This plan is also very prescriptive. Apparently I should be drinking 37 ounces of water a day. There is no mention of drinking to thirst here or adjusting intake based on physical activity, temperature, or other fluid intake. You are not learning to listen to your body on a plan like this. There is no allowance for individual differences or personal preferences. Compliant foods equate to “good” and non-compliant equate to “bad”. This reinforces the false moralistic attitude that many people have about food. It also fails to consider that we eat for many different reasons and that taking pleasure in food and enjoying food socially are important aspects of eating. Framing healthy eating as being complicated and unpleasant only serves to make people adopt an all-or-nothing mindset toward a (perceived) healthy diet. Winning at this challenge may only set you up for failure when it’s over.


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Call in the food police, we’ve got another unruly body

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I feel the need to expand on something I touched on in my post last week. It’s related to people judging dietitians on the basis of our weight. My previous post mainly discussed why it’s inappropriate to judge anyone’s professional abilities, including dietitians, on the basis of their perceived size. However, I think this all too common judgement also speaks to the lack of understanding of what we do.

There’s a common (mis)perception that dietitians are all weight loss counsellors. As a result, if we don’t have that elusive “perfect body” people think that we suck at our jobs. After all, what else do we do other than police the food people put into their mouths. If we can’t control the food going into our own mouths, how on earth can we possibly control the food going into the mouths of all the other owners of “unruly” bodies. While some dietitians certainly do work in weight management, even those dietitians are not actually food police. The majority of dietitians don’t work in weight management. Curious what a dietitian actually does, check out this old post.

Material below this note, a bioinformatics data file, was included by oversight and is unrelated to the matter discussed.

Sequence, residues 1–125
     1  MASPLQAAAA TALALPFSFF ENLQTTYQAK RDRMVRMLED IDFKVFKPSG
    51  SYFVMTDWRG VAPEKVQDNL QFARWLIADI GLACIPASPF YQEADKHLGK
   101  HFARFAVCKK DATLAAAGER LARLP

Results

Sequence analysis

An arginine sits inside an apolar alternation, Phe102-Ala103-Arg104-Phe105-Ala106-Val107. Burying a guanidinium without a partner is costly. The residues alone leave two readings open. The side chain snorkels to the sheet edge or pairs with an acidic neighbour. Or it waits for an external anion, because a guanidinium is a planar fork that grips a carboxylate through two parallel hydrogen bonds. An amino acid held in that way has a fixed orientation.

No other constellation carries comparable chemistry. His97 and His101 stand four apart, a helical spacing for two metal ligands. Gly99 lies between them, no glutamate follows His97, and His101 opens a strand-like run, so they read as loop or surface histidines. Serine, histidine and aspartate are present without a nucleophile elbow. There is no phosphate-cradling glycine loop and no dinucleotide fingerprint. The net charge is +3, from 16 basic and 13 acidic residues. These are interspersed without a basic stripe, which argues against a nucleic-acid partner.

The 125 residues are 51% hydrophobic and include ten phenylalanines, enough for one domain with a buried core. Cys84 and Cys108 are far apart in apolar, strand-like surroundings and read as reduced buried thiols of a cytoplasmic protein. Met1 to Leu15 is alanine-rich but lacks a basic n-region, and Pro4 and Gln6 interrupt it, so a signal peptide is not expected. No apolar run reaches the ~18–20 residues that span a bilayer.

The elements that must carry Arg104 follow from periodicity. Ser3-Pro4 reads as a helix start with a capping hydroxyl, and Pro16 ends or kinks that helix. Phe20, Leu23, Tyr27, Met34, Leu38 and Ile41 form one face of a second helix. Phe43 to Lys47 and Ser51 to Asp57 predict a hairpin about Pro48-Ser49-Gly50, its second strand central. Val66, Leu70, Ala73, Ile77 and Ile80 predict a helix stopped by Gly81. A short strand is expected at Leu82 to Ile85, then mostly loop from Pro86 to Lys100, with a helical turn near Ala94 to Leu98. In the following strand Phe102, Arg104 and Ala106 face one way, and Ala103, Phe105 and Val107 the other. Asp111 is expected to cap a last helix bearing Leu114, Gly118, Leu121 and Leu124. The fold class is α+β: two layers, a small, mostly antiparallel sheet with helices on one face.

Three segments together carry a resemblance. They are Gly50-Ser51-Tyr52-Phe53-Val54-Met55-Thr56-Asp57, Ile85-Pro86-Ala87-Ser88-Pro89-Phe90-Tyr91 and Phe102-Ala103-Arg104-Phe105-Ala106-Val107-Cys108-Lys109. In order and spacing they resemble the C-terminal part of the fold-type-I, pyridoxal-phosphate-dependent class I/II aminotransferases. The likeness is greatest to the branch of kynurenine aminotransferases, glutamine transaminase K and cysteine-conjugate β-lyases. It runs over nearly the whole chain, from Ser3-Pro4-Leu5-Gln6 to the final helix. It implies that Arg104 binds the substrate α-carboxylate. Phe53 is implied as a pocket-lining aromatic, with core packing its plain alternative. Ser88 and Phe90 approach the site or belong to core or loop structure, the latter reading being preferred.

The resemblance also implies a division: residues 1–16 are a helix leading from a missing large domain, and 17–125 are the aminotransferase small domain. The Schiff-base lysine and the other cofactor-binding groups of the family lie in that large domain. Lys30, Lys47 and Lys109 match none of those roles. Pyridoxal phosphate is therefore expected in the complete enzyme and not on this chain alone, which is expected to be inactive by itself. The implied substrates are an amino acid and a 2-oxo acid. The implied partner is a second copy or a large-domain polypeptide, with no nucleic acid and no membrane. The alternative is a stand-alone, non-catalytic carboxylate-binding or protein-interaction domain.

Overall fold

It is not part of my job to control my body so that it fits your perceived notion of healthy and fit. Whether or not I am large has no bearing on my knowledge of nutrition. It does not impede my ability to calculate a tube feed, modify a recipe, expound on celiac disease, or help someone with diabetes manage their blood sugar. Just as being small and having no knowledge of nutrition does not automatically imbue me with the capacity to do these things. As with any profession, the size of a dietitian is not a reflection of their knowledge, experience, or capability.

Dietitians do So Much More than help people lose weight. Despite the impression that our name gives, we are not all about putting people on diets. For many of us, aside from medically necessary diets (for example in the case of allergy sufferers or those with celiac disease) “diet” is a four letter word. We’re not all on a mission to rein in unruly bodies and create a world populated solely by thin bodies. When we do work in positions of counsel we usually aim to help people to gain greater compassion for, and appreciation of their own bodies. To help people view food as a source of pleasure rather than an enemy out to destroy our hard-fought-for chiselled physiques.


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No, watching What the Health does not qualify you to provide nutrition counselling